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Jonathan Dowland: Biosphere

Thu, 2024-04-25 11:15

I've been enjoying Biosphere as the soundtrack to my recent "concentrated work" spells.

Knives by Biosphere

I remember seeing their name on playlists of yester-year: axioms, bluemars1, and (still a going concern) soma.fm's drone zone.

  1. Bluemars lives on, at echoes of bluemars
Categories: FLOSS Project Planets

Lukas Märdian: Creating a Netplan enabled system through Debian-Installer

Thu, 2024-04-25 06:19

With the work that has been done in the debian-installer/netcfg merge-proposal !9 it is possible to install a standard Debian system, using the normal Debian-Installer (d-i) mini.iso images, that will come pre-installed with Netplan and all network configuration structured in /etc/netplan/.

In this write-up I’d like to run you through a list of commands for experiencing the Netplan enabled installation process first-hand. For now, we’ll be using a custom ISO image, while waiting for the above-mentioned merge-proposal to be landed. Furthermore, as the Debian archive is going through major transitions builds of the “unstable” branch of d-i don’t currently work. So I implemented a small backport, producing updated netcfg and netcfg-static for Bookworm, which can be used as localudebs/ during the d-i build.

Let’s start with preparing a working directory and installing the software dependencies for our virtualized Debian system:

$ mkdir d-i_bookworm && cd d-i_bookworm $ apt install ovmf qemu-utils qemu-system-x86

Now let’s download the custom mini.iso, linux kernel image and initrd.gz containing the Netplan enablement changes, as mentioned above.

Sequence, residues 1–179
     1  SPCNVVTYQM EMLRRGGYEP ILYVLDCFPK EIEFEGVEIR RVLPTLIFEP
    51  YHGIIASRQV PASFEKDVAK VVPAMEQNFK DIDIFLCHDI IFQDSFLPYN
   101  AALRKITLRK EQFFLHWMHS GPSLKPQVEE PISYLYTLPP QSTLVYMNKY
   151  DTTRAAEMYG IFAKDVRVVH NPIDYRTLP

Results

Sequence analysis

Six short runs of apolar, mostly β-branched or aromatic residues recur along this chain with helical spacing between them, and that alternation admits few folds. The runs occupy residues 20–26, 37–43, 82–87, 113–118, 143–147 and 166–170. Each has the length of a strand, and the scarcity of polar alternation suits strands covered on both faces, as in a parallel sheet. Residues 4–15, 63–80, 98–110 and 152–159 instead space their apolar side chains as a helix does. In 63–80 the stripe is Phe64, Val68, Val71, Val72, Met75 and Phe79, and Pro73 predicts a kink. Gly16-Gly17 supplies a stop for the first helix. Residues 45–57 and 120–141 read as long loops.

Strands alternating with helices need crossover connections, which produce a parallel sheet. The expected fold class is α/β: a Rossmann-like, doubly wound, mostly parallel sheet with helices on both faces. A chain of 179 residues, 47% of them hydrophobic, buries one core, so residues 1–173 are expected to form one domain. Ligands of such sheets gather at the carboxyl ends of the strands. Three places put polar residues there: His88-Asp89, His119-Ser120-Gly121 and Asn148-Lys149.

TODO: localudebs/

$ wget https://people.ubuntu.com/~slyon/d-i/bookworm/mini.iso $ wget https://people.ubuntu.com/~slyon/d-i/bookworm/linux $ wget https://people.ubuntu.com/~slyon/d-i/bookworm/initrd.gz

Next we’ll prepare a VM, by copying the EFI firmware files, preparing some persistent EFIVARs file, to boot from FS0:\EFI\debian\grubx64.efi, and create a virtual disk for our machine:

$ cp /usr/share/OVMF/OVMF_CODE_4M.fd . $ cp /usr/share/OVMF/OVMF_VARS_4M.fd . $ qemu-img create -f qcow2 ./data.qcow2 5G

Finally, let’s launch the installer using a custom preseed.cfg file, that will automatically install Netplan for us in the target system. A minimal preseed file could look like this:

# Install minimal Netplan generator binary
d-i preseed/late_command string in-target apt-get -y install netplan-generator

For this demo, we’re installing the full netplan.io package (incl. Python CLI), as the netplan-generator package was not yet split out as an independent binary in the Bookworm cycle. You can choose the preseed file from a set of different variants to test the different configurations: